Effects of phototherapy on non-seasonal unipolar and bipolar depressive spectrum disorders

J Affect Disord. 1991 Dec;23(4):231-7. doi: 10.1016/0165-0327(91)90105-2.


In a group of 17 patients with non-SAD depressive disorders we compared the response of bipolar spectrum versus unipolar patients to treatment with light therapy. The main hypothesis was that bipolar spectrum depressed patients would preferentially respond to bright light therapy as compared to unipolar depressed patients. All patients were treated with either 400 or 2500 lux phototherapy for 2 h on seven consecutive days. All outcome measures, which included the SIGH-SAD, CGI, and the Anxiety and Depressive Factors of the SCL-90, showed significant improvement in the bipolar vs. the unipolar spectrum patients. Unexpected this occurred regardless of the intensity of the light. These changes were judged to be quite clinically significant. All patients showing response were noted to have maintained their response at a 3-month follow-up.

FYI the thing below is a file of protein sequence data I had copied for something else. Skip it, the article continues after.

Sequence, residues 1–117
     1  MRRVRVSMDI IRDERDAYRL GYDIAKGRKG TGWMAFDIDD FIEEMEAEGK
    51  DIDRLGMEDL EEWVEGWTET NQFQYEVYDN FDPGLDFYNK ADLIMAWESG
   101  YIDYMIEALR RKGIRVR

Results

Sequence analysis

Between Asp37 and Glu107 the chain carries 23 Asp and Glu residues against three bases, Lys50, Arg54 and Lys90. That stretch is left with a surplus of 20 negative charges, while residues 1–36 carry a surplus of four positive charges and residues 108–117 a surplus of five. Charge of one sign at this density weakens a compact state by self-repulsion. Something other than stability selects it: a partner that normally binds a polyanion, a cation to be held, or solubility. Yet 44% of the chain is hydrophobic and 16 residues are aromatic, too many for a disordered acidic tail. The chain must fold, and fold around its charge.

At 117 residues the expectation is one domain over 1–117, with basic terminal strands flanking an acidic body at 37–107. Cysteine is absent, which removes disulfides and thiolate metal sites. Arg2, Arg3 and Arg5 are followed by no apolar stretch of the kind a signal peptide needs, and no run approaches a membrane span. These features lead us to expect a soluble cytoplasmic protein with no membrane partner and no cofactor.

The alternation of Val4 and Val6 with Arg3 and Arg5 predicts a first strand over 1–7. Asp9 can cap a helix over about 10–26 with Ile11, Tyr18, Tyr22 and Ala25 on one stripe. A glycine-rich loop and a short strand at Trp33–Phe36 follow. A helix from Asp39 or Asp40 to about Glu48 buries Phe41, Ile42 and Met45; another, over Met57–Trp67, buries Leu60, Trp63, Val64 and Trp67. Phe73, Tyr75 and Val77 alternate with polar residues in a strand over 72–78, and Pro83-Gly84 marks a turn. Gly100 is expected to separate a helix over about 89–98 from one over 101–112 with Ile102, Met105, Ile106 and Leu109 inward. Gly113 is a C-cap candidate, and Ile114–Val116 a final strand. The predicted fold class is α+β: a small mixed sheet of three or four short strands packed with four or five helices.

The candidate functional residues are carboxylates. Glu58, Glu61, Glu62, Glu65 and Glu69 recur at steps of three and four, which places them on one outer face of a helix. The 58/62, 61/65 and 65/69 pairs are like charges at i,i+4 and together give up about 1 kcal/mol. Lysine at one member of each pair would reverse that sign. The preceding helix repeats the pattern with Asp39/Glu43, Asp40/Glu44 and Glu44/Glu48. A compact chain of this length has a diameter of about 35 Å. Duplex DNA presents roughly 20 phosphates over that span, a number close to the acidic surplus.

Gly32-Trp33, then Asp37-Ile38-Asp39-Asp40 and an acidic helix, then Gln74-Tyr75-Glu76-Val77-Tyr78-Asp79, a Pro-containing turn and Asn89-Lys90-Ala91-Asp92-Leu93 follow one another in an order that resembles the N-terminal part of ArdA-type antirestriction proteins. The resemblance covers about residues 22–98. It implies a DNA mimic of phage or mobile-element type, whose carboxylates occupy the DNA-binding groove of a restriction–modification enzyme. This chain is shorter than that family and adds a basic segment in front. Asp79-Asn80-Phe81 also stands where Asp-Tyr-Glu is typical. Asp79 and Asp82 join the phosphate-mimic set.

Publication types

  • Clinical Trial
  • Comparative Study
  • Randomized Controlled Trial
  • Research Support, Non-U.S. Gov't

MeSH terms

  • Bipolar Disorder / psychology
  • Bipolar Disorder / therapy*
  • Depressive Disorder / psychology
  • Depressive Disorder / therapy*
  • Humans
  • Personality Inventory / statistics & numerical data
  • Phototherapy / methods*
  • Psychometrics
  • Seasonal Affective Disorder / psychology
  • Seasonal Affective Disorder / therapy